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Friday, September 21, 2012
Robert Genn on "The Fear of Missing Out"
September 21, 2012
"Fear of Missing Out," according to psychologists, is pandemic and getting worse. For us creative folks, FOMO is not just a social disorder, it can be a career killer.
More prevalent in younger people than older ones, it's that terrible feeling that you're missing out on something that might be better or more fun than what you're doing right now. Since the cellphone revolution, checking and texting can be based on a thin hope that something really wonderful is coming up. In life and art, it can be a false hope that keeps us checking.
And it's not just technology. Artists regularly move to the Big Apple hoping to take a Big Bite. With so much going on--openings and exhibitions every night, MOMA, Guggenheim, etc., to say nothing of the theatre scene--there's little time for work. Many artists function better in dull places like Sedro-Woolley, WA.
Addictive FOMO is a malaise that strikes close to home and particularly in the studio. If you think you've caught it, here are a few thoughts and findings:
Temptation preys on our extroverted nature and our optimistic outlook. Introverts and pessimists tend to be less troubled by it. To be truly productive, creative folks need to withdraw to privacy and self-sufficiency. In a beloved art-cave, work can triumph over outside distractions. In other words, the artist needs to look eagerly toward a satisfactory outcome of work-in-progress. Even quasi-satisfactory outcomes are superior to being stuck in traffic or watching pole dancers in a noisy cabaret. One's art needs to be personally elevated and seen as its own reward. When this happens, a marching band out the window cannot budge you from your self-appointed rounds.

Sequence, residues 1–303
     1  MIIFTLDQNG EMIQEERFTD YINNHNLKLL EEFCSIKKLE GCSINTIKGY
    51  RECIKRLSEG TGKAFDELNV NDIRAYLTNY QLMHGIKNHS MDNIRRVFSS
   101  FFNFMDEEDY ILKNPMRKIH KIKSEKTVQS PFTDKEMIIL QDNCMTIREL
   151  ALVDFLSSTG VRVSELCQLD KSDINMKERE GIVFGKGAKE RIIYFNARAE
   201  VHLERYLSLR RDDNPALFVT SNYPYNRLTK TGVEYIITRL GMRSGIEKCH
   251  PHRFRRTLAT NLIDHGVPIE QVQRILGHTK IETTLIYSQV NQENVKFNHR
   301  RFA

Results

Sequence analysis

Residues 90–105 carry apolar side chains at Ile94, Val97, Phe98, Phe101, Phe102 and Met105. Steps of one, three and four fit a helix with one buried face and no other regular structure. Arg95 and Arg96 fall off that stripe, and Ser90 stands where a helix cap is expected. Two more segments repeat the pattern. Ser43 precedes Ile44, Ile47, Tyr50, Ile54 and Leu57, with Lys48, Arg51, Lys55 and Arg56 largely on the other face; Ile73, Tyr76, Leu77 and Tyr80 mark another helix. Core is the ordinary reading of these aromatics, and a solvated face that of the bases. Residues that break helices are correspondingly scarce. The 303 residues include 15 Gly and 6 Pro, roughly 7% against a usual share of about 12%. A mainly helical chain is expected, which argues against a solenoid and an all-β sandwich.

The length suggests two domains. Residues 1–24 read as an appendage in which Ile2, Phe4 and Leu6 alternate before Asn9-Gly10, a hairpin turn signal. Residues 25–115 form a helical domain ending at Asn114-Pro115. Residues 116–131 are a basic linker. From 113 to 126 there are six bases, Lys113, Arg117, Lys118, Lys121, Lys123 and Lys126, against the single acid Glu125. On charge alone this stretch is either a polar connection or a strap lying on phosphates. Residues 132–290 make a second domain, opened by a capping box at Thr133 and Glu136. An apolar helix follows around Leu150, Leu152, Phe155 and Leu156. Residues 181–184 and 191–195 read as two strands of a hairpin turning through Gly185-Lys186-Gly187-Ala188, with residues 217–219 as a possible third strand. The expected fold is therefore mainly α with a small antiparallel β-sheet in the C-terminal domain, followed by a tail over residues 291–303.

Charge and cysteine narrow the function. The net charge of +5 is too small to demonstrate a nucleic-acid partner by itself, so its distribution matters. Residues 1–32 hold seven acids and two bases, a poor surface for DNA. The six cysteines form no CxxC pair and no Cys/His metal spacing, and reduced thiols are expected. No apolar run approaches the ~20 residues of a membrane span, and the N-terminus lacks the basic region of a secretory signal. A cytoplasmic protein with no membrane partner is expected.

Luckily, as we get older, we tend to be more settled and less likely to have our heads turned. The golden years can be highly productive. But we're all on the horns of a dilemma--connectivity and temptation are here to stay. FOMO researcher Sherry Turkle says, "Our current relationship with technology fosters immaturity." It's been my observation that the greatest generator of quality work rests within the development of personal character. Some of us need to grow up.
PS: "We just don't know until we check." (John M. Grohol, PsyD)
Esoterica: Here's a compromise system that accepts the current situation and goes a long way toward managing addictive FOMO. Not wanting to miss out what's going on in the world, you might try one of those tiny clip-on battery radios with earphones. As you move around your work area and beyond, the passive info goes with you. (I'm currently using the marvelously informative programs on CBC AM, 690 kHz, also available on satellite.) While it might sound like giving in to the devil, it's a good example of 21st Century mind expansion and multi-tracking that, while not diminishing creative focus, simply and effectively retards the temptation to step out the door and join the band.